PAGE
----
The Blow ‘N’ Go Bill

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Drunk driving offenders are often given machines to put in their cars that won’t allow the engines to start unless the offender blows in a tube to prove that he or she has not been drinking. In certain parts of the U.S., these are affectionately called “Blow ‘N’ Go’s.” And nine senators submitted a bill on Tuesday that could be a key step in making some kind of proof-you’re-sober device into a standard feature on automobiles.

New Mexico Sen. Tom Udall’s ROADS SAFE Act of 2011 (as in, Research of Alcohol Detection Systems for Stopping Alcohol-related Fatalities Everywhere Act of 2011) would establish a $60-million effort over five years that would “explore the feasibility and the potential benefits of, and the public policy challenges associated with, more widespread deployment of in-vehicle technology to prevent alcohol-impaired driving.”

This funding would be a joint venture of the federal government and an auto industry coalition to back a research program already in the works. And this isn’t the bill’s first time at this rodeo: It was introduced, along with a House companion bill, last session, but neither made it out of committee.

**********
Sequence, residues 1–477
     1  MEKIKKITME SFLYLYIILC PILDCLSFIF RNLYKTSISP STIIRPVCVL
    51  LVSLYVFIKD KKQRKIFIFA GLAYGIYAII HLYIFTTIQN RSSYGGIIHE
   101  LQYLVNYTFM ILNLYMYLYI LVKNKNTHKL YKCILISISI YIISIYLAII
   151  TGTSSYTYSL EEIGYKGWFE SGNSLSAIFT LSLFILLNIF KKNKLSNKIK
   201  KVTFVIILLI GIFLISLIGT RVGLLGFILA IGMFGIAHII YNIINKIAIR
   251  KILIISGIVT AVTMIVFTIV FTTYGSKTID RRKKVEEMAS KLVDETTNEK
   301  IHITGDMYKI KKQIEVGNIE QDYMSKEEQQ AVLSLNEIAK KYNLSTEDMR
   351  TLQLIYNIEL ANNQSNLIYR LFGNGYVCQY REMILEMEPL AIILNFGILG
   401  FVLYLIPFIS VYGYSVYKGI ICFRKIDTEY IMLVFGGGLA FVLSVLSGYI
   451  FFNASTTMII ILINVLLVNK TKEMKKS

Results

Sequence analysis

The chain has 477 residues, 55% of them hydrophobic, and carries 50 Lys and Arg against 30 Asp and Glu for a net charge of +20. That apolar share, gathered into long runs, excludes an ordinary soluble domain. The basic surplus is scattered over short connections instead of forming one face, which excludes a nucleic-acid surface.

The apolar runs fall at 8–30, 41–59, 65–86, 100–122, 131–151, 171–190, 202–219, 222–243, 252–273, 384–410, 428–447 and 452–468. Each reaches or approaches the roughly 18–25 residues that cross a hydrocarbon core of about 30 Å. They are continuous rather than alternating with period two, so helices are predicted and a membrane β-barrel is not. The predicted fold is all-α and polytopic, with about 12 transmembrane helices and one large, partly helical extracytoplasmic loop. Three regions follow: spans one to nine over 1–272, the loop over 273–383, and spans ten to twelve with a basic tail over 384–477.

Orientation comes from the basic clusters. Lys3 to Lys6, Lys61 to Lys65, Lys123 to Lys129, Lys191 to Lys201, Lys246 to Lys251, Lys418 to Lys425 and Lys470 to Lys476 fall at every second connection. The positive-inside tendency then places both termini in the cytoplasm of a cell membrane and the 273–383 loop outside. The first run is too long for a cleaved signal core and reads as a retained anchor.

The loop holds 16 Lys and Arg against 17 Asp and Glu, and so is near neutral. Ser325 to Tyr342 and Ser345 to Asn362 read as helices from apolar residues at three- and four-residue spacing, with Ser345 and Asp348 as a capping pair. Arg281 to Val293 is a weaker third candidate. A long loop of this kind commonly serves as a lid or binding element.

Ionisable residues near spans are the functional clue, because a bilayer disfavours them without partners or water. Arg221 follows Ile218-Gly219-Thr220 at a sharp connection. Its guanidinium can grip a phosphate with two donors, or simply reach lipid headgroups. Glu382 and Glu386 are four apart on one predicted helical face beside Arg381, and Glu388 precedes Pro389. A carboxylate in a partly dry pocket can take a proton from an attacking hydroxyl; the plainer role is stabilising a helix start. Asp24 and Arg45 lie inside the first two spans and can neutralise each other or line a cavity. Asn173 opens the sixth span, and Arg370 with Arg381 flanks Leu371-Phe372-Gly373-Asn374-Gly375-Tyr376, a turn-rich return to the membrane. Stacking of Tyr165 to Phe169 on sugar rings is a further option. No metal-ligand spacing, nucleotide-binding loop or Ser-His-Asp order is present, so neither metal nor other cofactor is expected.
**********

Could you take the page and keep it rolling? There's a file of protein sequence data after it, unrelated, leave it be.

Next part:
One public-policy challenge has already appeared. The American Beverage Institute, a restaurant trade association, is making the rounds to denounce the measure, as they have before. They fear that such machines will eventually become mandatory (politicians say they will just be more widely deployed) and will have thresholds below the legal limit. The bill explicitly states that such machines would be set at the legal limit, as determined by federal, state or local law — but the head of the program conceded in a 2009 interview that there would likely be a “safety margin.”

Restaurant owners are worried about their alcoholic beverage sales, and it’s difficult to make a compelling public argument that the government shouldn’t interfere with their right to get customers tipsy before they drive home. But their fear of machines becoming mandatory, should the program go forward, seems more reasonable. The program does, after all, make much more sense if it’s mandatory.

The people likely to voluntarily take on a machine would be the type who wouldn’t drive drunk in the first place. There are parents who might want one to keep their teenagers safe. And there is the contingency of people who take sober pains to keep themselves from making poor drunk decisions. But it’s hard to imagine the willing population of drivers has enough crossover with the truly dangerous one to justify the costs.

At any rate, mandatory Blow ‘N’ Go’s are still far off. The aim is currently to have a prototype — unlikely to actually be the blowing kind — that is “moderately priced, absolutely reliable and set at … the legal limit.” And if the bill continues to get stuck in committee, there’s no telling when that research period will even start.